There seem to be two types of civil servants – underworked and overpaid, and overworked and underpaid. I was the latter.

I dreaded going to work. It was a dead end job. I had ended up in a situation where there was no way to move up. I wasn’t the only one in that situation. Morale was so low that many of us worried about a mass exodus. And many of us were burnt out.

The only thing that kept me going the last couple of years was knowing that it wouldn’t be long before I could say goodbye for good.

Carlos and I, through our many discussions on the subject, had long ago decided that I would stay home and raise our children rather than putting them in daycare. Fortunately the Canadian Government allows their employees to take up to 5 years leave without pay to stay home with their children. Fancy that!

So after my maternity leave ended, my leave without pay (called “Care and Nurturing Leave”) started. By the time I go back in the Spring of 2011, I will have been out of the workforce for 6 years. This scares the bejeezus out of me!

Don’t get me wrong…I don’t now, nor will I ever, regret taking the time out of my career to raise my boys. It has been a wonderful experience so far, although not without it’s stresses due to Logan’s ongoing health issues. However, my job was in the technology field. Yikes is right!

Technology changes so fast and often, I’m not sure what my qualifications will be when I start work again. I mean, I already feel I’ve lost most of my geekness in the past two years. And I still have 4 more years to go!

To add to this dark cloud hanging over my head, I was so unhappy doing what I was doing that I don’t even know if I even want to return to that field of work. But what else can I do?

I guess I have 4 years to figure this out. In the meatime, I will just enjoy being a stay at home mom – the best job (and most challenging, in my opinion) in the world!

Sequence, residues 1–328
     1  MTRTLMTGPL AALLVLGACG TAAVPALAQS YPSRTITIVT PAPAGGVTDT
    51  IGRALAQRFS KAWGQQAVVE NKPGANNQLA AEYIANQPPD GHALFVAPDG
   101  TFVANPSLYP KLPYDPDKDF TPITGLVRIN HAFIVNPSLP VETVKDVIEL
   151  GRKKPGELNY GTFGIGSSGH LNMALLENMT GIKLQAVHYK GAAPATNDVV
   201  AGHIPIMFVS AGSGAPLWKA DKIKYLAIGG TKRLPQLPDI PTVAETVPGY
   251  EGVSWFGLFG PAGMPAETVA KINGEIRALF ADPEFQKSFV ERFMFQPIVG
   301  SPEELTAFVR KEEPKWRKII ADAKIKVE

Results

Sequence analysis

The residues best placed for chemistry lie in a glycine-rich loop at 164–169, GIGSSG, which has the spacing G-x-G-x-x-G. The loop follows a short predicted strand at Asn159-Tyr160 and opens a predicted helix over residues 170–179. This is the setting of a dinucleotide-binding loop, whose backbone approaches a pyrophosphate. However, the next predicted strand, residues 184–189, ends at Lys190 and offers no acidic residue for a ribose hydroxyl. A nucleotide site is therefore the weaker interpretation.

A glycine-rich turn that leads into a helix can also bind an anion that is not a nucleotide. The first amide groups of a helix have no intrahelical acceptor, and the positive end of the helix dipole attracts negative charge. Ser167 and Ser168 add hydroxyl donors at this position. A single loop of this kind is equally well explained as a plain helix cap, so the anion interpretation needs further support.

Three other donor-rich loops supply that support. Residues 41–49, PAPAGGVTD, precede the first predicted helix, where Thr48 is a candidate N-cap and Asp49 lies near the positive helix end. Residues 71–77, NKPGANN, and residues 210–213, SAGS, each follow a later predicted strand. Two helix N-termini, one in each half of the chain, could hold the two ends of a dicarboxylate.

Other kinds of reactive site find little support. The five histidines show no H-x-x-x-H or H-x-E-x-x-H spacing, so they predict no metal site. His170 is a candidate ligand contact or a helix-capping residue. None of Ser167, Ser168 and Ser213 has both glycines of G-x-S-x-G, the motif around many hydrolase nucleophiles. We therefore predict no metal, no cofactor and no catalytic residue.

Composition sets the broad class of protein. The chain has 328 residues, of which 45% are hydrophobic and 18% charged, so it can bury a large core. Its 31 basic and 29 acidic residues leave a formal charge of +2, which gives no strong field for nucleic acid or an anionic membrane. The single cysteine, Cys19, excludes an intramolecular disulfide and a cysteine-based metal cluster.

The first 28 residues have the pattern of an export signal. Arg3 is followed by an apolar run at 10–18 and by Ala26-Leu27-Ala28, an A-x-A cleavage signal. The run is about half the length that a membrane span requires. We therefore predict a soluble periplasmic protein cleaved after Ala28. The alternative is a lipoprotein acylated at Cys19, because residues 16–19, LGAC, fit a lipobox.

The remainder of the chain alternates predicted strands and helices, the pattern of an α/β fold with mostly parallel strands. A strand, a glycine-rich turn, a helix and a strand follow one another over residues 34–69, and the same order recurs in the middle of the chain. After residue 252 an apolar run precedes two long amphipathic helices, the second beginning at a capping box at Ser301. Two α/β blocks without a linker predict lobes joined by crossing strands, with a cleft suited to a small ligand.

Zander has been in dire need of a haircut for months. But this event has been pushed aside. Partially due to the need to focus on Logan’s health. Partially due to not knowing how we could accomplish this daunting task.

Zander is only 22 months old. Isn’t that too young to take him to daddy’s barber? Would he really sit still enough for mommy to cut his locks with with razor sharp scissors? How do people do this???

It finally got to the point where it had to be done since his hair was long enough to necessitate brushing it out of his eyes ever 5-10 minutes. And unfortunately it is socially unacceptable to put barrettes in a little boy’s hair. But how were we going to cut the hair of a child who only stops moving long enough to proudly say one of his many words from his ever-expanding vocabulary.

Then one day last week, my husband came home with “Just A Trim” (As Seen On TV). I thought “You’ve got to be kidding!”. But no…no he wasn’t. He was sure this was the solution to our son’s hair dilema. I was shaking in my proverbial boots at the thought of placing this battery powered gizmo anywhere near my first born’s head!

“Just A Trim” is built with the same concept as the clippers used by barbers and hair stylists alike. It comes with two attachments, so you can decide how much of a trim you will end up with. When one of the attachments is on it, the blades are not accessible. You just pop on the desired attachment, and brush it through your hair. So it did seem like the perfect solution.

Well, I gotta tell ya folks. It actually worked! Zander was such a good boy, and sat still for his trim as long as we would let him hold the trimmer every once in while. I can’t believe how easy it was!

Zander getting his trim.

My baby’s locks! There’s so much hair!

Zander after his trim. He looks so much older now!

So….what do you think?

I have not posted since February 28th. I’ve been on a bit of a hiatus. From blogging, and other things.

Just before Christmas, I was striken with a case of extreme exhaustion which involved fainting spells and dizziness, a call to Telehealth Ontario, a frantic ambulance ride, and a long day at the local hospital. Apparently this is not uncommon for a mother of a young special-needs child to suffer, let alone a mother of one young special-needs child and a slightly older high-maintenance child!

Well, it started happening again. Luckily, this time I recognized the signs that I was pushing myself too hard before it got the the point where the paramedics were pounding on my door. Another stroke of luck was that my mother had just arrived for a week-long visit when things started going downhill.

So I took the opportunity to take it a little easy. This also meant that I rested alot. And had a nice visit with my mother. The time that I usually reserve for virtual contact with the outside world via email, blog reading and posting and general surfing was spent watching girlie and horror flicks with my mom and munching on everything that is bad for us. It was just what I needed!

What would we do without our mothers? Not sure what I would do without mine!

My beautiful mother & I on my wedding day.